Fox News commentator Tomi Lahren has always been vocal about her contempt for the NFL national anthem protests spearheaded by Colin Kaepernick.
However, when Lahren sat down with former NFL running back Arian Foster to discuss why he took part in the protest, the conservative appeared to actually be at a loss for words.
In the latest episode of "No Interruption," a digital show on Fox Nation, Lahren and Foster talked about the NFL, politics, Donald Trump and racism.
While both parties admitted to sharing some common ground during the interview, Foster didn’t hold back when it came time to explain why the NFL was hypocritical for criticizing the players for kneeling.
"It's a logically inconsistent stance on their part. If you wanna say don't make political statements on the field, then don't have the military flyover at the beginning or don't have a deal with the Dept. of Justice that has millions of dollars advertising the military. It's a logically inconsistent stance,” Foster said when Lahren said the NFL has a right to tell players not to kneel.
Foster then expressed frustration with President Donald Trump for referring to NFL players who protest as a "son of a bitch" during a speech in 2017.
"The president of the United States is calling an American citizen a ‘son of a bitch’ for exercising his 1st Amendment right. ... There's a citizen protesting how he sees fit to protest whatever issue he feels is important to him, very silently and very respectfully,” Foster said.
Before the 2018 season, the NFL passed a national anthem policy that fines teams if their players protest. In the end, the policy was put on hold and no action was ever taken against players for kneeling.
Then when Lahren said kneeling “is showing disrespect to a national anthem and a flag that means a lot to people, whether they are Black [or] white, Christian,” Foster explained kneeling has always been used as a sign of respect.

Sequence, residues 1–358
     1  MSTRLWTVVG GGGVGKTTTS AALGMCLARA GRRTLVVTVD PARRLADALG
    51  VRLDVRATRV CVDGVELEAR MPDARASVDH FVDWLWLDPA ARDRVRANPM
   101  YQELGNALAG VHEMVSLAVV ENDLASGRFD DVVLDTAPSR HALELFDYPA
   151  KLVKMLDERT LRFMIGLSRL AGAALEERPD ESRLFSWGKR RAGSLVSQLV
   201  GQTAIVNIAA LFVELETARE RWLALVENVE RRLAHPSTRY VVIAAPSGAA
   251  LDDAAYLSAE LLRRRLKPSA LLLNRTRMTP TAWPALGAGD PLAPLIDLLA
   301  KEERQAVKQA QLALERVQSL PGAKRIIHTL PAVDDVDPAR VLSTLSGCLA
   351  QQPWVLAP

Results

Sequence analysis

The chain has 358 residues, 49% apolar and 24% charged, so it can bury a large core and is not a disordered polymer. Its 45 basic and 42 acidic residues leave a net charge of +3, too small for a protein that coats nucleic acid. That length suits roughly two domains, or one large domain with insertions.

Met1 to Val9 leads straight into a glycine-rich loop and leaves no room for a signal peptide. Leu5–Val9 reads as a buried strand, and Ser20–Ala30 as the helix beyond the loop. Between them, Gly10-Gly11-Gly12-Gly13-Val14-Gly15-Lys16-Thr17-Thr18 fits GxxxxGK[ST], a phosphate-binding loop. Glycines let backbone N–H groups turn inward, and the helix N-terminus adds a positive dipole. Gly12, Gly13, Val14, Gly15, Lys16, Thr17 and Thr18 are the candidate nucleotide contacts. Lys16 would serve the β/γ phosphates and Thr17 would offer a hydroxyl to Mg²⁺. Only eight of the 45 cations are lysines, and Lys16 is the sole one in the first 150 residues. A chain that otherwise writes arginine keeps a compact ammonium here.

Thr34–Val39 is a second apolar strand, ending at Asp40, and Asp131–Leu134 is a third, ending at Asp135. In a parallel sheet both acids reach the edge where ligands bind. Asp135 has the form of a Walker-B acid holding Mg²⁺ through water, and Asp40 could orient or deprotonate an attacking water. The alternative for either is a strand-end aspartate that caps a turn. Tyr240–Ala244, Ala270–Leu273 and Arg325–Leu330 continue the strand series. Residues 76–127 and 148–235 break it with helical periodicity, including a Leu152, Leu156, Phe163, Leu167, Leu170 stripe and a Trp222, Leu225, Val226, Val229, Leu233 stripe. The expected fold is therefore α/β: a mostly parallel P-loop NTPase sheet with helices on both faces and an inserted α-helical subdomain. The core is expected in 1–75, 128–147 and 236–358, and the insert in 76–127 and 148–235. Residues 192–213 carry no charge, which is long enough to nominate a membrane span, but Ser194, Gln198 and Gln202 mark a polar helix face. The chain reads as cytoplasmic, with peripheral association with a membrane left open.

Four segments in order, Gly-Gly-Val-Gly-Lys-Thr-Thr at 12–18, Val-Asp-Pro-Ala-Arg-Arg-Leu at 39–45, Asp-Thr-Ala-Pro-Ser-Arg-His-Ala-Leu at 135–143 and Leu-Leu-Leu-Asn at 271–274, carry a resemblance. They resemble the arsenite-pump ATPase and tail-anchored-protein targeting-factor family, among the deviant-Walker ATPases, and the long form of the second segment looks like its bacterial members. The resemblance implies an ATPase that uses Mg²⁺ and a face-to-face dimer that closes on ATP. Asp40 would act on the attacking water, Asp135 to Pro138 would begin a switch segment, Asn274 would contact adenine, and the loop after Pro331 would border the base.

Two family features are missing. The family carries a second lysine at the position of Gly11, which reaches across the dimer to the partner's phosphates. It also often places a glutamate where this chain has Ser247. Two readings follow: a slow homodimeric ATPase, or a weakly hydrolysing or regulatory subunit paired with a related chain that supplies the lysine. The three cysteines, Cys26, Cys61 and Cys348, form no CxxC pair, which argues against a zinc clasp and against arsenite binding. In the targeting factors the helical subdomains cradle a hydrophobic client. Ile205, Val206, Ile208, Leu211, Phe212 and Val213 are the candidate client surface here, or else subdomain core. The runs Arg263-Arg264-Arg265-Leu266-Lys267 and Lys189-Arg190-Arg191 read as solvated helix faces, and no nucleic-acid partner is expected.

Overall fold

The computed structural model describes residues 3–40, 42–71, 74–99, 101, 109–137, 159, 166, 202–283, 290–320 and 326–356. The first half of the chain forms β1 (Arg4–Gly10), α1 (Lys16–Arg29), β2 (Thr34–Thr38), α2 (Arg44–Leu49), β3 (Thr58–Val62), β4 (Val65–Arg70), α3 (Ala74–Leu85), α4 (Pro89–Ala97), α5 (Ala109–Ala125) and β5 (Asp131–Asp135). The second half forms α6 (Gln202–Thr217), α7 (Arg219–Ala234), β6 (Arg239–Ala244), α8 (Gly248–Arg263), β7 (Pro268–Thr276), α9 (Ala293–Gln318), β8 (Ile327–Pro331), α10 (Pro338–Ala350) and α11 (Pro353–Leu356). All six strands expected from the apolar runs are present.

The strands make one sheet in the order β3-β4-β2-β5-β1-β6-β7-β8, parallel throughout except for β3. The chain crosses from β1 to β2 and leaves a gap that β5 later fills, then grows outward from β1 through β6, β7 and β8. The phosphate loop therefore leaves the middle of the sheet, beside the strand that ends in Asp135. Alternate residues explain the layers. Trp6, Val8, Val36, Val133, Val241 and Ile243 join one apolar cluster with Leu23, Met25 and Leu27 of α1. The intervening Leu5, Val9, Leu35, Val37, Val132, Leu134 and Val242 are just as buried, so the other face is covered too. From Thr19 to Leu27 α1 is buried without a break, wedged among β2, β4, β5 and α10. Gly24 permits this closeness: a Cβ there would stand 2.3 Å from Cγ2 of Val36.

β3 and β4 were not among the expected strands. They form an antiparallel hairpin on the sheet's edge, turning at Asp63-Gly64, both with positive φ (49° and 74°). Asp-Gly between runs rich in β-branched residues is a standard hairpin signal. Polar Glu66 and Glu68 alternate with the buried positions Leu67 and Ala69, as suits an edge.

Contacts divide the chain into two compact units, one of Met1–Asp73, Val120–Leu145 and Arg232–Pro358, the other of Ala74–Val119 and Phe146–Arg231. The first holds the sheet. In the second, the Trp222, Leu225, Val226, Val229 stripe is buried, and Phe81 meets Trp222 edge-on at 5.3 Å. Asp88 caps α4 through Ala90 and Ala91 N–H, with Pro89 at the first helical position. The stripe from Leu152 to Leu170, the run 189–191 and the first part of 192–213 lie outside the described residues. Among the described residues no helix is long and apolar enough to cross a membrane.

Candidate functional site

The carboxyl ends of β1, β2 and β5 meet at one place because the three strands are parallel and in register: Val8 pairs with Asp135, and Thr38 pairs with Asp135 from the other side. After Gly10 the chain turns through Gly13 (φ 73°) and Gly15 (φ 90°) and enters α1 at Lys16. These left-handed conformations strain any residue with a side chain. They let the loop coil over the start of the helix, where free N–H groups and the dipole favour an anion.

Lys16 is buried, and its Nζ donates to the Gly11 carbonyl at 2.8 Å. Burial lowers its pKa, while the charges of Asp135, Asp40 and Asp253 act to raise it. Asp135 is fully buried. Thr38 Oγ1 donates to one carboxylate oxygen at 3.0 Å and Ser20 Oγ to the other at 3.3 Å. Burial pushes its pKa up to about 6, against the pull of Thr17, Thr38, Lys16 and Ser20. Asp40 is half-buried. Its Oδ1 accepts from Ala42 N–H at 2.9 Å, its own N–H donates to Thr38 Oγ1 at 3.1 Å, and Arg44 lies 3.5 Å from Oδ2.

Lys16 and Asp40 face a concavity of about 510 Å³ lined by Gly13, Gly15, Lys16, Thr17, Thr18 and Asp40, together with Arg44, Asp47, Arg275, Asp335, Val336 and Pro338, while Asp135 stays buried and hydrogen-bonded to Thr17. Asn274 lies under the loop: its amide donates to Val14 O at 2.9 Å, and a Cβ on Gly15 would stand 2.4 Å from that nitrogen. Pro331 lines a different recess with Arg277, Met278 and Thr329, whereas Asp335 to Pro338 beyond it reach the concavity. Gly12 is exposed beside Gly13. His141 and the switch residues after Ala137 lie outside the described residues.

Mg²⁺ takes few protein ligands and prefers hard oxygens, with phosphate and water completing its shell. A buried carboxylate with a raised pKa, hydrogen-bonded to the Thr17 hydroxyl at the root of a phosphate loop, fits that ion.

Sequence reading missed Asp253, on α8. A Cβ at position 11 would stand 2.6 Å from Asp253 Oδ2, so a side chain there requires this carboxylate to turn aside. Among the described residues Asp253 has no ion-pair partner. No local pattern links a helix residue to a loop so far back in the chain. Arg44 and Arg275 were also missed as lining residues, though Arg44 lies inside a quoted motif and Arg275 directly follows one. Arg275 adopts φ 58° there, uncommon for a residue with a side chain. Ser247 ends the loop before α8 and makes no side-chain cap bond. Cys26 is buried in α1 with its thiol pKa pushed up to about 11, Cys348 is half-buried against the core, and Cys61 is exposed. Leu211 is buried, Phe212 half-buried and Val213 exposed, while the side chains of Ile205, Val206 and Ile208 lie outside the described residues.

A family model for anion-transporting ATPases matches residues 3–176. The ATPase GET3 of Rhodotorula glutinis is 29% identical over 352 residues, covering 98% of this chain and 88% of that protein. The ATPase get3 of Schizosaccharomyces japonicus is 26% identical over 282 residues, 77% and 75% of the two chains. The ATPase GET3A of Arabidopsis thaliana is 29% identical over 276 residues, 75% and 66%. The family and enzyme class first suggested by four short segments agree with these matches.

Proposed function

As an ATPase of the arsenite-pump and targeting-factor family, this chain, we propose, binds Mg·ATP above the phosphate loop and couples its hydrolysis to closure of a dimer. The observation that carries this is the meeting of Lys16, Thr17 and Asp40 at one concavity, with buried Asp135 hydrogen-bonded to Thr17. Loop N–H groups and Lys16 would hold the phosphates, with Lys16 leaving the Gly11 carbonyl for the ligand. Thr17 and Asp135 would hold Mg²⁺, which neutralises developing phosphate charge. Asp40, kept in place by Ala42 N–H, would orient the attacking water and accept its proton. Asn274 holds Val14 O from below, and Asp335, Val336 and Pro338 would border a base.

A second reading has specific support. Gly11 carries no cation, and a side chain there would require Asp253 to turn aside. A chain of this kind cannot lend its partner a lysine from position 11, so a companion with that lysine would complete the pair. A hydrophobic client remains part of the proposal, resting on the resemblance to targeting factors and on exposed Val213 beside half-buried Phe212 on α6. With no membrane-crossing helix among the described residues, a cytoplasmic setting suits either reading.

Foster explained to Lahren the players chose to kneel in protest to show respect to military veterans while protesting police brutality and racial inequality.
“If you're in a football game and somebody breaks their leg and the game stops, what do the players do? They take a knee. It's a sign of respect,” Foster told Lahren.
“Every single Sunday at church, what do people do? They get on both of their knees and they praise their deity... It's actually, it's a submissive sign. It means you're honoring whatever it is you're honoring. ... It's not disrespectful in nature, the gesture,” he added.
“But it was done to send a message of, ‘I don't agree with this country. I'm not going to stand for this flag and this anthem,’” Lahren retorted. “When you're doing it, you're saying, 'I am not going to respect this flag, this moment, this anthem.’”
“Why should we respect the anthem?” Foster asked.
“Well that anthem, it's a symbol of patriotism,” Lahren replied.
“You hit the nail on the head. It's a symbol,” Foster said. “And that symbol, and the beautiful thing about America, is it's not a place. It's not a people. It's an idea. And that symbol means something to you. And it also means something to me. And you don't get to dictate what that symbol means to me and you don't get to dictate what that symbol means to somebody else.”
Foster spent eight seasons in the NFL with the Houston Texans and Miami Dolphins from 2009-2016. During his career, he was a four-time Pro Bowler and one-time first-team All-Pro.
(Photo: Fox News)